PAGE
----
The more I get on with life the more I realise I enjoy those days when I can go up to my garret, shut the door and catch up with emails, blogs, websites and, most importantly, composing. I have been involved with some great music making over the past few days, and am acutely aware that I am fortunate to earn my living in a profession which many view with fascination and a little envy. After all, how difficult can it be do have a hobby which is also your job, as people often ask?
Well, it can be tricky. For a start, the hours can be viciously anti-social, and those periods of the year most people view with a sense of relief (Christmas, Easter, weekends) can be the busiest times for us musos, especially those of us involved in church music. Even during the other times of year choirs and concerts tend to happen in afternoons and evenings, and, while not disastrous, it can make domestic matters difficult to keep hold of and, of course, require understanding on the part of partners.
Yesterday, therefore, after the run of three concerts in four days and many other things besides, I took my other half out for lunch at one of our favourite country retreats, and I had a restful afternoon before battle was joined over the Catan board, honours even after two plays.
Rest and relaxation done (for now, at least) I have leapt back into work today, catching up with various organisational matters for the Easter season and beyond before spending a decent chunk of time on the piece I am writing for a private commission. This is an arrangement more than an original piece, and so it gives me an opportunity to go to work in a slightly extended tonal world, something I have quite enjoyed this morning. As much as possible I try to stay away from the Is, IVs and Vs of Classical tradition and head out into pastures new, and I had a real moment of joy when two melodies combined perfectly at one point, meaning that I can introduce the new one via careful subterfuge, one of my favourite devices.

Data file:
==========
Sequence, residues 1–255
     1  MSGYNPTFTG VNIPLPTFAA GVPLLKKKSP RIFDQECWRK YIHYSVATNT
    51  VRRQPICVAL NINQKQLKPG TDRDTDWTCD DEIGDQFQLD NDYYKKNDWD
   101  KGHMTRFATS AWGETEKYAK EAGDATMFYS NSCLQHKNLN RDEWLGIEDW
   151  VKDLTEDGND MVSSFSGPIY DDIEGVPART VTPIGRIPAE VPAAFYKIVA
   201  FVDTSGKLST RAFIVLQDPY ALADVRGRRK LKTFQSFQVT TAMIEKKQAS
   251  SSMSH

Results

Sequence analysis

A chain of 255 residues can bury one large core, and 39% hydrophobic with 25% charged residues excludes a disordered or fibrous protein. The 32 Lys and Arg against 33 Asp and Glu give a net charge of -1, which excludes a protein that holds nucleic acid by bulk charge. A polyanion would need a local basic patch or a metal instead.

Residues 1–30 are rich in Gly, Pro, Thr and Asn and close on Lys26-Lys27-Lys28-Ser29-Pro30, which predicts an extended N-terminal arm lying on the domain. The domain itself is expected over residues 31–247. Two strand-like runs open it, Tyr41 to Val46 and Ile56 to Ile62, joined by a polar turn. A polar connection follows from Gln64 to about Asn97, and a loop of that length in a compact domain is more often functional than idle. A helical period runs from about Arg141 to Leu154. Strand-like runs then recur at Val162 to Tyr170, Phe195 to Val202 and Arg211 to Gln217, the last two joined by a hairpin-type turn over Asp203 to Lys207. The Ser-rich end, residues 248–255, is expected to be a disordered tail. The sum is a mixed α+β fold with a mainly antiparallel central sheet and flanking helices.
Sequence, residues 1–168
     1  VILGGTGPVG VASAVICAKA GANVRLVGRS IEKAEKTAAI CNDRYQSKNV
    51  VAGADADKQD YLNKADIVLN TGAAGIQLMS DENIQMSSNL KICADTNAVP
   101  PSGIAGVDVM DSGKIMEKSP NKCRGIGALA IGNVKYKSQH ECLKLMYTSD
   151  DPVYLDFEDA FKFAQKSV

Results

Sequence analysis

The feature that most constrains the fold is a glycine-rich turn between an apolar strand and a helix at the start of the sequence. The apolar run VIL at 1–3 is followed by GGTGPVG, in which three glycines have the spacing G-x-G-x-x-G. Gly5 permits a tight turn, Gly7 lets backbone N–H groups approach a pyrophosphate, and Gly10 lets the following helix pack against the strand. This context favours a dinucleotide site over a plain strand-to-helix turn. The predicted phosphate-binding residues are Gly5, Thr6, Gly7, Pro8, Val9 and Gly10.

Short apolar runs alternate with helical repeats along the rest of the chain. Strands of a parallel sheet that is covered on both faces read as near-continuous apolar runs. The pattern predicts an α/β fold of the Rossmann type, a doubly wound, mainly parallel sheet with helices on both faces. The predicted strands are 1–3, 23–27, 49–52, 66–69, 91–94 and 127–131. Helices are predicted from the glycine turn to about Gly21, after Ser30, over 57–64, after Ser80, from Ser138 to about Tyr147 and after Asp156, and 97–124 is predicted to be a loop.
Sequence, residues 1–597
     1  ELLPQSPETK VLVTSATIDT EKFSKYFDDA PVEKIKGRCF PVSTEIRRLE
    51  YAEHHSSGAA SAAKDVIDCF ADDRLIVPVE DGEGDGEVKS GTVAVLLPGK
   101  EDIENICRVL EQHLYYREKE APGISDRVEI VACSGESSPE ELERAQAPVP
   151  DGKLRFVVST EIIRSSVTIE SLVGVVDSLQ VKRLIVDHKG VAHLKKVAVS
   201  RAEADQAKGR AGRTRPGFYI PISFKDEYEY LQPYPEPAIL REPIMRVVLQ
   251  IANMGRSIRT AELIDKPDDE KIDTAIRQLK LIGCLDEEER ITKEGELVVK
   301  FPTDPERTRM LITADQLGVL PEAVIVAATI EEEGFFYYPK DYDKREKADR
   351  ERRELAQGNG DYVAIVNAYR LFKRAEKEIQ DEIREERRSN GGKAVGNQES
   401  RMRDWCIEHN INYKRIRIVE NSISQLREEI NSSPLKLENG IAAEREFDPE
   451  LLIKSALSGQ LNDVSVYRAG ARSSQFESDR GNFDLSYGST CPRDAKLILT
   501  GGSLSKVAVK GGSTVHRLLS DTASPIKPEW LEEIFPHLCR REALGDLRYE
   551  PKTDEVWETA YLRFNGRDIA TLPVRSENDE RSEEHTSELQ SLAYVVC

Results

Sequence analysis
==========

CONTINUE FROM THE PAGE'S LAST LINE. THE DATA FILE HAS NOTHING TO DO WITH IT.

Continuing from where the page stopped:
Writing tonal music such as this always gives the feeling of paddling in an inviting sea, familiar and threatless. If I want to wade further out I can see what is out there, but I can always retreat to the shore if necessary. My arrangements are beginning to form a small but significant part of my output, pieces such as Through The Fair, We Three Kings, and This Joyful Eastertide, and I quite enjoy writing them, as I believe that a fresh and new approach to them can yield unexpected and sometimes delightful results.
On towards Easter we head, with five performances of This Joyful Eastertide to come over the next fortnight or so, including its first broadcast, also the UK premiere of Festive Voluntary. This new arrangement will also receive its first outing next month, and I have not really thought about what lies beyond that point, but, with so many things going on at the moment, there are certainly reasons to be cheerful. It’s not a hobby, by the way.